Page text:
Use of chronic disease management algorithms in Australian community pharmacies

Hana Morrissey, Patrick Ball, David Jackson, Louis Pilloto, Sharon Nielsen

    Research output: Contribution to journalArticle

    Abstract

    Background: In Australia, standardized chronic disease management algorithms are available for medical practitioners, nursing practitioners and nurses through a range of sources including prescribing software, manuals and through government and not-for-profit non-government organizations. There is currently no standardized algorithm for pharmacist intervention in the management of chronic diseases. 


    Aim: 
    To investigate if a collaborative community pharmacists and doctors' model of care in chronic disease management could improve patients' outcomes through ongoing monitoring of disease biochemical markers, robust self-management skills and better medication adherence. 


    Design: This project was a pilot pragmatic study, measuring the effect of the intervention by comparing the baseline and the end of the study patient health outcomes, to support future definitive studies. Algorithms for selected chronic conditions were designed, based on the World Health Organisation STEPS™ process and Central Australia Rural Practitioners' Association Standard Treatment Manual. They were evaluated in community pharmacies in 8 inland Australian small towns, mostly having only one pharmacy in order to avoid competition issues. The algorithms were reviewed by Murrumbidgee Medicare Local Ltd, New South Wales, Australia, Quality use of Medicines committee. They constitute a pharmacist-driven, doctor/pharmacist collaboration primary care model. The Pharmacy owners volunteered to take part in the study and patients were purposefully recruited by in-store invitation.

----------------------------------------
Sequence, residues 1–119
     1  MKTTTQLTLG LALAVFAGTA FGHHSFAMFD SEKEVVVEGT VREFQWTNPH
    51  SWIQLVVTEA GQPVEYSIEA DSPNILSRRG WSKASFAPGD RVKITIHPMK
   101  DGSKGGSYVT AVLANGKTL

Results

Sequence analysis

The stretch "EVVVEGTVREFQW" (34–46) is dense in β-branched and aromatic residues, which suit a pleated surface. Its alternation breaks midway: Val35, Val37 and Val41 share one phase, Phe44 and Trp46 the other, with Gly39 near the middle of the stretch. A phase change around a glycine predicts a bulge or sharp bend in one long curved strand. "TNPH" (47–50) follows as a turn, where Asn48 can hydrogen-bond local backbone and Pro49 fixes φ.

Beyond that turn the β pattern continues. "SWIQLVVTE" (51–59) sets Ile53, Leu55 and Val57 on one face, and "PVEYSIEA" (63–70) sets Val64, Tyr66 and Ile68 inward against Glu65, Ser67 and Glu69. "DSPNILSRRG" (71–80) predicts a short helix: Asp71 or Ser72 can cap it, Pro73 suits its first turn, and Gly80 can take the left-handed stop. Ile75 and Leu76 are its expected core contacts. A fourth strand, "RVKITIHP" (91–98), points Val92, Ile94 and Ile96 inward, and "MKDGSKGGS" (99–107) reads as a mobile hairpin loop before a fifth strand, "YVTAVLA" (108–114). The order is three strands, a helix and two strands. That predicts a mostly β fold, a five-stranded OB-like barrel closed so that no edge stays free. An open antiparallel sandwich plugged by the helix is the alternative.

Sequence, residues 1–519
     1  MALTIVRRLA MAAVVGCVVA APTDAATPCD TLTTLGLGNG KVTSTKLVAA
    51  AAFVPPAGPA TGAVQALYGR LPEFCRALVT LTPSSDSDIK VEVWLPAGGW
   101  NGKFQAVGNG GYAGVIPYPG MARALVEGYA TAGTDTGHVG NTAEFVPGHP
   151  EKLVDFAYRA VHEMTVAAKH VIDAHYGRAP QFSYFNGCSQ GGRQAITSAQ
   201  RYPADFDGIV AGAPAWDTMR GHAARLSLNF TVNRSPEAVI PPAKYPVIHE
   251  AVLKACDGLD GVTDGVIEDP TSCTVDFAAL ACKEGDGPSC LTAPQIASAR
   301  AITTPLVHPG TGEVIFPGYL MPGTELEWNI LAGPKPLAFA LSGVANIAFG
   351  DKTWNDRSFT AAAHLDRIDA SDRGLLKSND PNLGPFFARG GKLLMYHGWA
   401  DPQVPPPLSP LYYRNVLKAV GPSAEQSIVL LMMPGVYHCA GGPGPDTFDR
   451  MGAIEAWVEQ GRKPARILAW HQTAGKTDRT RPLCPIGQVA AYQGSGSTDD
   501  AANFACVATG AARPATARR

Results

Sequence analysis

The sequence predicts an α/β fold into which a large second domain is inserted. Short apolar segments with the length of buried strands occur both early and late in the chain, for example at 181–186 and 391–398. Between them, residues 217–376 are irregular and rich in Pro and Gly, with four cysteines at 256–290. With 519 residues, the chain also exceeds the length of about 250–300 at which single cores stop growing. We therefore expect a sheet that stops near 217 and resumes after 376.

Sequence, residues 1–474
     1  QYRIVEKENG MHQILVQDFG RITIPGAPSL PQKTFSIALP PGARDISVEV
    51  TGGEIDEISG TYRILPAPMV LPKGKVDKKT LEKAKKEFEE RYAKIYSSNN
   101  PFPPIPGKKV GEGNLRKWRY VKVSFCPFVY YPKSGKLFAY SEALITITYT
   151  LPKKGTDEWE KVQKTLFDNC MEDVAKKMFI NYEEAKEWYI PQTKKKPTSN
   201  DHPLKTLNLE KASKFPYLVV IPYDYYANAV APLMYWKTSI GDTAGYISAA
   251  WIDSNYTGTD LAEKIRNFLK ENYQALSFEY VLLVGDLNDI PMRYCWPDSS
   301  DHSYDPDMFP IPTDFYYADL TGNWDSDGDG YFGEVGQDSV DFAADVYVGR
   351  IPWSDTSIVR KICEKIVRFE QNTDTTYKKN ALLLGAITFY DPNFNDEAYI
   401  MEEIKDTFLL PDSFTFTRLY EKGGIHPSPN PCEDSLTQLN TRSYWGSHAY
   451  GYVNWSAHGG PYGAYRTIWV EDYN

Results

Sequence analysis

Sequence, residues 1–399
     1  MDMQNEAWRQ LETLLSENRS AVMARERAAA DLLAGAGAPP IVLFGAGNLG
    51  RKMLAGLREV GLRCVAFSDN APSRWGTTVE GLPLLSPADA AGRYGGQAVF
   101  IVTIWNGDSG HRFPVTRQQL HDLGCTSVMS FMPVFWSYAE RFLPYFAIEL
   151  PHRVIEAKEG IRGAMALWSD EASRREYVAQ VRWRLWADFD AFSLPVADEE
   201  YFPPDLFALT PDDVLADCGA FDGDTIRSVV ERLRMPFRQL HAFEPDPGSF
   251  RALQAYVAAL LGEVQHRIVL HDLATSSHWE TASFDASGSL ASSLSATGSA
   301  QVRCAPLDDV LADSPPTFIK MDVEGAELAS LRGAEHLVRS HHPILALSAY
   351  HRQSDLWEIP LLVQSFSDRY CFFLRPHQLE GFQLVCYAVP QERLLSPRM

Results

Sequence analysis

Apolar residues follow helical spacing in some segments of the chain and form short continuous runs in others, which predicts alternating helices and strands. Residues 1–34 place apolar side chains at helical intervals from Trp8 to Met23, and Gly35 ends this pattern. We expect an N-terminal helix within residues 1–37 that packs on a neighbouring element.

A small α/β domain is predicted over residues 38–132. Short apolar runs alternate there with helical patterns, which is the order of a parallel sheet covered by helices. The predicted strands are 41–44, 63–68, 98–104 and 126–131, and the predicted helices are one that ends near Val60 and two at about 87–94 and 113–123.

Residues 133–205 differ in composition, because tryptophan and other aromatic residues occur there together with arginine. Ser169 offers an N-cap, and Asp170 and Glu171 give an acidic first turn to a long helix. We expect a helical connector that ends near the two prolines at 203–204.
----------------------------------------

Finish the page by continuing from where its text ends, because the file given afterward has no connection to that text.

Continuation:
Results: Six out of 9 sites' pharmacists (67%) were fully capable of delivering the algorithm (each site had 3 pharmacists), one site (11%) with 2 pharmacists, found it too difficult and withdrew from the study, and 2 sites (22%, with one pharmacist at each site) stated that they were personally capable of delivering the algorithm but unable to do so due to workflow demands. 


    Conclusion: This primary care model can form the basis of workable collaboration between doctors and pharmacists ensuring continuity of care for patients. It has potential for rural and remote areas of Australia where this continuity of care may be problematic.

    Original languageEnglish
    Pages (from-to)176-196
    Number of pages21
    JournalResearch in Social and Administrative Pharmacy
    Volume11
    Issue number2
    DOIs
    Publication statusPublished - Apr 2015

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